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Public Court Record Access Fee Proposal Met with Skepticism Locally

Gov. Jerry Brown pitches $10 fee to help cash-strapped courts, but critics say public's access to judicial system would be restricted

As California continues to struggle with its chronic budget shortfalls, public court records may soon be going behind a pay wall.

In his new budget blueprint, Gov. Jerry Brown included a $10 search fee to access legal dockets that historically have been free to view. Parties included in each of the court cases would be able to view them free of charge, but the new fee would apply to the general public, businesses and news reporters. Provisions in the proposal also would double the cost of court copies to a dollar per page from 50 cents.

The group behind the proposal is the state Judicial Council, which crafts policy for California courts. Legislators are considering the proposal as part of a trailer bill that would apply to next year’s budget, which begins this summer.

Gary Blair, executive officer of the Santa Barbara County Superior Court, said the proposed revenues from the new fees — estimated at about $30 million annually — amount to “throwing a bucket of water on a house fire” and that it just wasn’t enough money to make a significant change.

“I’m not sure that this will really help,” he told Noozhawk.

There is currently no charge to look up public court records, although there is a charge to make copies.

“I’m not real keen on placing fees on public access just as a matter of principle,” Blair said.

The local Superior Courts Records Office gets thousands of requests to look at files every year, and Blair said the courts have had to reduce hours that clerks work in the records office to save money.

Blair said he’d rather see fees increase in other areas.

For example, in traffic cases, court staff are required to look up the subject’s prior offenses and report them to the Department of Motor Vehicles, which will determine whether traffic school is required or what amount of bail to set if there has been an arrest.

The cost of looking up those offenses currently is only $10, so it would make sense to increase that fee, Blair said.

State Sen. Hannah-Beth Jackson, D-Santa Barbara, conceded that the courts are desperate to find operating resources after years of dramatic cuts. But she expressed concern about limiting access to public records.

Jackson, who started her career as a deputy district attorney and is married to Superior Court Judge George Eskin, said she is acutely aware of the budget situation in the courts.

“We have to look to ways that we can keep courts functioning,” she said.

“We really have to step up to the plate, if there are ways to provide additional resources in a way that wouldn’t affect public access,” she told Noozhawk, later adding that “we want to make sure the public and the media have access to information in an open and transparent way.”

Santa Barbara County’s courts have been touched by state budget cuts already. Earlier this year, the Judicial Council voted to delay for at least a year plans for a new criminal courthouse in Santa Barbara so the funding could be used elsewhere, like California’s general fund.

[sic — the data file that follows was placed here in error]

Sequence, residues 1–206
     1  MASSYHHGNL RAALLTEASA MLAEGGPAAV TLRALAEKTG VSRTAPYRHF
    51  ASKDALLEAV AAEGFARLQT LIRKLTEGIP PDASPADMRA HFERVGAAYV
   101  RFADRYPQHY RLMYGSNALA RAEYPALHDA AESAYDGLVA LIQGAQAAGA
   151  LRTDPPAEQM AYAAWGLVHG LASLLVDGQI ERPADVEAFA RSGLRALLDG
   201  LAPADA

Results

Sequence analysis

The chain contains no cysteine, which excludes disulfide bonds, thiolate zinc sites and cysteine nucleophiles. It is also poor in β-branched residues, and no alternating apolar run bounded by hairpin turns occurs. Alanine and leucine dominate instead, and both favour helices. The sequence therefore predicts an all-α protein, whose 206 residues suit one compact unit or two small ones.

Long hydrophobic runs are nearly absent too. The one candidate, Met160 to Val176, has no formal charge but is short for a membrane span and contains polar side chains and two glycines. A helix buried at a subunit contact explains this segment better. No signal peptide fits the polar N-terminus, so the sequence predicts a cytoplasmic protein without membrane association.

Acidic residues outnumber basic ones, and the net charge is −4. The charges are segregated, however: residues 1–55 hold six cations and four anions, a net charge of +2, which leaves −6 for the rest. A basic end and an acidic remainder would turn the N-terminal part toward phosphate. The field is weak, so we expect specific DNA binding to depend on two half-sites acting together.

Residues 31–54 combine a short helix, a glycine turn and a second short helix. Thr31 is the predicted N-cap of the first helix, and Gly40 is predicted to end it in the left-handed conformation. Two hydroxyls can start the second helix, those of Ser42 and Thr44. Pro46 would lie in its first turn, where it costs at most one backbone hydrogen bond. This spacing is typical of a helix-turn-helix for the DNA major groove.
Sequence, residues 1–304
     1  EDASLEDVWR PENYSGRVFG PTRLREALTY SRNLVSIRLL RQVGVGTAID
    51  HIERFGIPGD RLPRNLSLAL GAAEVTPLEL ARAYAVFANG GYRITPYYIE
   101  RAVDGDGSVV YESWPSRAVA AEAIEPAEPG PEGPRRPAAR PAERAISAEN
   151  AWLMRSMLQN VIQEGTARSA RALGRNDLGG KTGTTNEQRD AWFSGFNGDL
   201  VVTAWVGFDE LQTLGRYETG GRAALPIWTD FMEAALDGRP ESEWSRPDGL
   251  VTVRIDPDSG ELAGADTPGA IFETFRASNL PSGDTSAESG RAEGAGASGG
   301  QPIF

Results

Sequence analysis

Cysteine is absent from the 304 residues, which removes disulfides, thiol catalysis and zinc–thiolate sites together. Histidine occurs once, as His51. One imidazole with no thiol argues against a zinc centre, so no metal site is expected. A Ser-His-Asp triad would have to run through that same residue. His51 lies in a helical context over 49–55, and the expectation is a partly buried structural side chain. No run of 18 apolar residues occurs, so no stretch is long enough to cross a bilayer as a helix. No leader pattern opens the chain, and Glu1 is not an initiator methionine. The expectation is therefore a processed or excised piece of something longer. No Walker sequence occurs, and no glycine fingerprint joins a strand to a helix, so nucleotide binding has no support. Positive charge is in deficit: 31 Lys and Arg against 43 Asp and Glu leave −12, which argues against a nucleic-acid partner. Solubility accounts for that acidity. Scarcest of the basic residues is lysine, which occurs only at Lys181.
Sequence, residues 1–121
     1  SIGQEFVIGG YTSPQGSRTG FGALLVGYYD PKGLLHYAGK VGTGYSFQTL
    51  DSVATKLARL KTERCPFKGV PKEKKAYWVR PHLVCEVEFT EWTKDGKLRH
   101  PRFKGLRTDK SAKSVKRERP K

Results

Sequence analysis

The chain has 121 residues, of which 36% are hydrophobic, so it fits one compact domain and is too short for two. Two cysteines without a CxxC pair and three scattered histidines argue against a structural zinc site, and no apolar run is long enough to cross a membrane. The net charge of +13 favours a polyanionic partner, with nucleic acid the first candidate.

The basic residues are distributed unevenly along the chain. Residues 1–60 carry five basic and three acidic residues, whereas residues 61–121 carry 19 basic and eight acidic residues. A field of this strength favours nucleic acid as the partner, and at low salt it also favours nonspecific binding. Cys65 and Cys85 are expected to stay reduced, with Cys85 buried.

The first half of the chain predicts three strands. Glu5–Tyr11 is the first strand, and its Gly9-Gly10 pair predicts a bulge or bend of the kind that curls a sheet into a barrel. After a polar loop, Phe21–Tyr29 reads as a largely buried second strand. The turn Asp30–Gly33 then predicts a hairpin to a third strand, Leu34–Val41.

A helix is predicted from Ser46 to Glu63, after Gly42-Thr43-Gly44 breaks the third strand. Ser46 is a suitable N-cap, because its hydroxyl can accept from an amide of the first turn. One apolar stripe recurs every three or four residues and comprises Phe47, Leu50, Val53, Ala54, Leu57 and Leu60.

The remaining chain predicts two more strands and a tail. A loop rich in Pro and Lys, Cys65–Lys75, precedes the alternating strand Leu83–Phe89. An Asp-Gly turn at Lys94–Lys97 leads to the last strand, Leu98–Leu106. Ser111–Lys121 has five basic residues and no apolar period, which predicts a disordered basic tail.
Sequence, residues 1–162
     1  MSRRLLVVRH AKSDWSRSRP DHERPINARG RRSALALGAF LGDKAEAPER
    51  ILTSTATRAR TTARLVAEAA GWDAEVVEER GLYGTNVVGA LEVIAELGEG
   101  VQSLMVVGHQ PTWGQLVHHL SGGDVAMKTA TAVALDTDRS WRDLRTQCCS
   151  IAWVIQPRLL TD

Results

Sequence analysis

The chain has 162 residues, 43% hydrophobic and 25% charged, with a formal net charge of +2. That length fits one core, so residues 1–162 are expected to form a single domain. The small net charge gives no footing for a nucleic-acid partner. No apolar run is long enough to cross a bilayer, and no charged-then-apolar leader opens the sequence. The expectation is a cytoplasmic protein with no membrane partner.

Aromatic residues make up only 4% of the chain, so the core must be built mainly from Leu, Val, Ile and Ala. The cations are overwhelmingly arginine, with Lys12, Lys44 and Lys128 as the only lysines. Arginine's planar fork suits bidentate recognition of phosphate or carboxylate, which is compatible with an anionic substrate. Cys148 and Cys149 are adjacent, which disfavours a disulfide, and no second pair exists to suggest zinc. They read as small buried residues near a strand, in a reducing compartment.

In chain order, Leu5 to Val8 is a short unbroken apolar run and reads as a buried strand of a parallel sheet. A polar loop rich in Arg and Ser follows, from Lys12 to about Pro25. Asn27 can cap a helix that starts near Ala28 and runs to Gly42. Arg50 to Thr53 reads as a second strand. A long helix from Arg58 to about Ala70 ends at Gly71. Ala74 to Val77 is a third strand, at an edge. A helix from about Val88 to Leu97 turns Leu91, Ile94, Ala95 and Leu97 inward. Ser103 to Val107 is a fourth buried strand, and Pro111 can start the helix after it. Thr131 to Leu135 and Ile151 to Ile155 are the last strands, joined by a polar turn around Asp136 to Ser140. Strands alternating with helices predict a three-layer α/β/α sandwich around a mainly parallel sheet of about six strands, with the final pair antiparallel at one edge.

Jackson said those courthouse improvements are badly needed.

“In that courthouse, the heat’s broken, the plumbing is so bad,” she said.

In terms of the plan, she said, “we’re not talking about a Cadillac (project), we’re just talking about keeping the wheels on so justice can keep moving.”

Noozhawk publisher Bill Macfadyen called the fee proposal “chilling” for public access and accountability.

“We have an open court system in our country and such a fee would obliterate the very idea of open records and transparency,” he said. “It would have a chilling effect on public accountability.

“Our reporters are looking at court records almost daily so it’s not hard to calculate the impact that cost would have on our news coverage. What’s next? An entry fee to attend a public trial?”

Terry Francke, general counsel for Californians Aware, a nonprofit organization dedicated to helping ensure public forum rights are protected, said it’s still unclear what record searches will be covered under the new proposal.

The code section being amended pertains to what might be time-consuming searches for records from old, closed cases, but could apply to any routine request, such as those done by beat reporters checking the status of a criminal case.

If that occurs, “that would be catastrophic for the transparency of the administration of justice,” Francke said, even if copy fees aren’t raised.

“The whole fee-jacking idea, which the Administrative Office of the Courts chief justifies as a desperation move to secure survival, is like the courts saying, ‘Yes, the public has a First Amendment right to observe trials and hearings, but from now on you’ll have to buy tickets to get in the courtroom’,” Francke said.

Noozhawk staff writer Lara Cooper can be reached at .(JavaScript must be enabled to view this email address). Follow Noozhawk on Twitter: @noozhawk, @NoozhawkNews and @NoozhawkBiz. Connect with Noozhawk on Facebook.

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